Wednesday, February 16, 2011

The Case for Firing James Clapper

by Ryan Mauro

The Director of National Intelligence, James Clapper, is being widely criticized for his inaccurate comments about the Muslim Brotherhood but there’s a larger point being missed. He was trying to portray the Brotherhood as a moderate group and downplay its sinister motives. This severely flawed view, when combined with how he was embarrassingly unaware of major terrorist arrests in London, makes a strong case for his departure.

On Thursday, February 10, Clapper was testifying before the House Intelligence Committee when he began sounding like a Brotherhood apologist. He said that “The term ‘Muslim Brotherhood’ is an umbrella term for a variety of movements, in the case of Egypt, a very heterogeneous group, largely secular, which has eschewed violence and has described Al-Qaeda as a perversion of Islam.”

Clapper made it sound as if the Brotherhood lacks a central leadership and is just a brand name that various groups around the world use. In reality, the Muslim Brotherhood is based in Egypt and while its branches can act relatively independently based on their local conditions, they are united by their Islamist ideology and a plan to incrementally bring the world under Sharia-based governance. The Brotherhood has a Supreme Guide named Muhammad Badi who gives general direction for the worldwide movement.

The Brotherhood may be “very heterogeneous” in that Islamists can come from any social or economic background but that should not be mistaken for ideological diversity as Clapper seems to believe. His statement that it has “eschewed violence” is patently false, as its focus on non-violent methods is a matter of practicality, not conviction. The group has endorsed armed jihad against Western forces in Muslim countries and the Brotherhood cannot be distinguished from Hamas, which is one of its branches.

Article 2 of Hamas’ constitution makes this clear. “The Islamic Resistance Movement is one the wings of the Moslem Brotherhood in Palestine. Moslem Brotherhood Movement is a universal organization which constitutes the largest Islamic movement in modern times,” it says.

Even if Hamas somehow separated from the Brotherhood, the two remain ideological allies. The Muslim Brotherhood has never condemned Hamas and consistently and loudly supports it. The Brotherhood recently said it would use its influence in the next Egyptian government to revoke the peace treaty with Israel and told Egyptians to “prepare for war with Israel.” Those are not the commands of a non-violent organization.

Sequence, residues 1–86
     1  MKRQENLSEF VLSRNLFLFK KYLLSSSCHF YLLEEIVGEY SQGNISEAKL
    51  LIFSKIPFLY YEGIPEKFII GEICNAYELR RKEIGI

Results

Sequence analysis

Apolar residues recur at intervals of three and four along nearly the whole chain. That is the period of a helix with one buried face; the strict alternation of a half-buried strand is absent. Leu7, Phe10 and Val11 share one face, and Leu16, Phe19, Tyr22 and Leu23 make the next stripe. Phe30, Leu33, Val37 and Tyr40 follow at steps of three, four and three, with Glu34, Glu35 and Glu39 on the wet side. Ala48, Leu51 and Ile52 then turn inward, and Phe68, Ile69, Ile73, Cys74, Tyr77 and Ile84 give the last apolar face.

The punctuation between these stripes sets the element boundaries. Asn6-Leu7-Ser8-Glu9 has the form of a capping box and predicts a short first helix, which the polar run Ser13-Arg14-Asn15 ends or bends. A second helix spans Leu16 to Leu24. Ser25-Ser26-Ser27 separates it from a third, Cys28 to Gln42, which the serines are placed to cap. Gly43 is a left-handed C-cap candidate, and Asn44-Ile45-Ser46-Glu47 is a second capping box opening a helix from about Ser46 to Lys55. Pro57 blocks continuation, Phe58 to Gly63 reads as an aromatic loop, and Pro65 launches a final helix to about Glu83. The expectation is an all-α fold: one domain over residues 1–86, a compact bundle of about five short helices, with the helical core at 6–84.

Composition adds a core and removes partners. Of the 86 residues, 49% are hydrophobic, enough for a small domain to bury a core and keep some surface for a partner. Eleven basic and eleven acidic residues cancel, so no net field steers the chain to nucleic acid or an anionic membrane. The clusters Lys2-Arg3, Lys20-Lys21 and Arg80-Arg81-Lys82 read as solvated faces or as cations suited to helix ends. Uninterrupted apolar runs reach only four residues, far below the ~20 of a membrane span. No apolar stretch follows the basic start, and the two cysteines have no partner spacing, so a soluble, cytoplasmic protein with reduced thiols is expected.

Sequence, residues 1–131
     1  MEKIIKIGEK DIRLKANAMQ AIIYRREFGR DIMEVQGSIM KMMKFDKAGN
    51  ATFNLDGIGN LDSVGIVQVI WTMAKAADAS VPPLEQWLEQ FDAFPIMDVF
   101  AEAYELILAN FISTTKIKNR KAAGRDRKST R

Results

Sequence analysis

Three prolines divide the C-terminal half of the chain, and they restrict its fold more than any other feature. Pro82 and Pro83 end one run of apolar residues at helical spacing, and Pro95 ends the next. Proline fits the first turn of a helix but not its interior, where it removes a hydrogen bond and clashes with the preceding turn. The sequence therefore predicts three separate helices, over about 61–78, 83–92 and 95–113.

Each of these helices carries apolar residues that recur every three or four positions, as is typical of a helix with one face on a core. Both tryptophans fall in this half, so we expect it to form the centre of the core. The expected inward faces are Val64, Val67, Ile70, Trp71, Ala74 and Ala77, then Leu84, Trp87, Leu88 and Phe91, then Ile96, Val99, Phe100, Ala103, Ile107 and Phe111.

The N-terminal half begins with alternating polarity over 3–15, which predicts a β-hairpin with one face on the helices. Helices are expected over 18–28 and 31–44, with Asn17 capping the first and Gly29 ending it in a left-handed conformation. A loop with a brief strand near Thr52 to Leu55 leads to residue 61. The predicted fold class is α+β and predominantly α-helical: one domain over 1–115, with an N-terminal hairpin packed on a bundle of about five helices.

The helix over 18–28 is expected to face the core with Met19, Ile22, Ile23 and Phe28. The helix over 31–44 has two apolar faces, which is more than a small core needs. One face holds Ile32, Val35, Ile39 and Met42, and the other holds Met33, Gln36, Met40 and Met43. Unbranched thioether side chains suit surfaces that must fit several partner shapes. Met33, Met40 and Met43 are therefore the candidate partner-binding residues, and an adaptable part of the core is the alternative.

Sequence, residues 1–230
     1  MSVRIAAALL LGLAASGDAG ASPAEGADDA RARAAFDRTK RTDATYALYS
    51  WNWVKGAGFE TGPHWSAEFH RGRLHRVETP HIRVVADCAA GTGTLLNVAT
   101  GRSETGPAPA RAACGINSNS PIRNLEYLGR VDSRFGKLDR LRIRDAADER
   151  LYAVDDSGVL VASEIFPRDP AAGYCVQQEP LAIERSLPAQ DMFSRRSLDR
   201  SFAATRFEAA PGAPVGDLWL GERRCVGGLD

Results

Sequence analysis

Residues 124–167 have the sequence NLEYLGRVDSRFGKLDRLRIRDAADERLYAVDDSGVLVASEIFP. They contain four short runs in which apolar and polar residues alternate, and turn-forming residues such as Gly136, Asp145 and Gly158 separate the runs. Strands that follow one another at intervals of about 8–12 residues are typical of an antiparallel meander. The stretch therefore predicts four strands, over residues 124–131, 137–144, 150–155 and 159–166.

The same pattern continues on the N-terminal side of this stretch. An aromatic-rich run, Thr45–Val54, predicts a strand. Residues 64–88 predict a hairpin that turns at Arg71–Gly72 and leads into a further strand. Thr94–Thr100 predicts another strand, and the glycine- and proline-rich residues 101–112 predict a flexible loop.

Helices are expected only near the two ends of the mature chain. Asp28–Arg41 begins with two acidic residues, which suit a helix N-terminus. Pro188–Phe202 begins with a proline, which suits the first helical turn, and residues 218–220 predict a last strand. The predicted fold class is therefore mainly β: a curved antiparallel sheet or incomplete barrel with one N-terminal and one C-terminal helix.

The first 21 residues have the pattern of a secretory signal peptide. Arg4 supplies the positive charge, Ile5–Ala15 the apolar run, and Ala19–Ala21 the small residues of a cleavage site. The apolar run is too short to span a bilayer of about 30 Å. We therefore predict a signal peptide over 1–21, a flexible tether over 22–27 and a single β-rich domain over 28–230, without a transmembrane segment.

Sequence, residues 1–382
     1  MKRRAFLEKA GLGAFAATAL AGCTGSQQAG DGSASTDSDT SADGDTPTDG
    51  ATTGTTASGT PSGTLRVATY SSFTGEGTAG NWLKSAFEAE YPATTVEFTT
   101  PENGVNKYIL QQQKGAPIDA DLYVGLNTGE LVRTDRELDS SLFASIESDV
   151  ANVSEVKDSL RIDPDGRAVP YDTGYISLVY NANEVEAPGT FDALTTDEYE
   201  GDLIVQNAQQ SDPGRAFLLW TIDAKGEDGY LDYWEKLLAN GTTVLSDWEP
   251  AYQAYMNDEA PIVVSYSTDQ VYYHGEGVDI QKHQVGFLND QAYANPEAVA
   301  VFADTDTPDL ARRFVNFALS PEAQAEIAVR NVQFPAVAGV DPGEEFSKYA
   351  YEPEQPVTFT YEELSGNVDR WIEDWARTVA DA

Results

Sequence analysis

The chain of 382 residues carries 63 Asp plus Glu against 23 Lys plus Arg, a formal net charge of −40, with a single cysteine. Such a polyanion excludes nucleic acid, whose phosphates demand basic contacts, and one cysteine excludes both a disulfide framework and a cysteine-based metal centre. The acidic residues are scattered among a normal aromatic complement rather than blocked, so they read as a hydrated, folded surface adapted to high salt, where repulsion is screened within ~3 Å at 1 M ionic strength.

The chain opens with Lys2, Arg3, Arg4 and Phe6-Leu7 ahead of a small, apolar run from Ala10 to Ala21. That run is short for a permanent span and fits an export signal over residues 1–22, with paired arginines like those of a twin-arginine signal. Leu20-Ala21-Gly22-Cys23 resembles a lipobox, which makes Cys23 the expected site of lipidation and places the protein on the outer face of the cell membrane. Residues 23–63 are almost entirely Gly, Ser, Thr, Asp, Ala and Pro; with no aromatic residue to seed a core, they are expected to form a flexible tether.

Clapper’s mentioning of the Muslim Brotherhood’s denunciation of Al-Qaeda is an attempt to make it seem moderate by contrasting the two. This is as valid as trying to assuage the concerns of a community over the presence of an axe murderer by saying he’s condemned a serial killer. The Brotherhood supports the killing of innocent Israelis and its most influential theologian, Sheikh Yousef al-Qaradawi, has praised those waging jihad against U.S. forces in Iraq and said Muslims should ally with the Taliban against the American military in Afghanistan.

Al-Qaradawi has expressed his doubts about Bin Laden being involved in the 9/11 attacks and in November 2007, then-Supreme Guide Muhammed Mahdi Akef said that Bin Laden is “in all certainty, a mujahid [heroic fighter], and I have no doubt in his sincerity in resisting the occupation, close to Allah on high.” He clarified that he disagreed with Al-Qaeda’s attacks on civilians but endorsed their jihad against “occupation,” even saying the Brotherhood would send jihadists to fight in Iraq “if we are permitted.”

Clapper testified that the Brotherhood consists of “chapters of franchise…but there is no overarching agenda, particularly in pursuit of violence, at least internationally.” He is making the case that the actions of one Brotherhood affiliate cannot reflect upon another. A secret Brotherhood document stated that its “work in America is a kind of grand Jihad in eliminating and destroying the Western civilization from within and ‘sabotaging’ its miserable house…” FBI Director Robert Mueller said on the same day that the Muslim Brotherhood has supported terrorism inside the U.S. and outside the U.S. In order to agree with Clapper, you must believe that the Brotherhood of Egypt is more moderate than the Brotherhood of the U.S.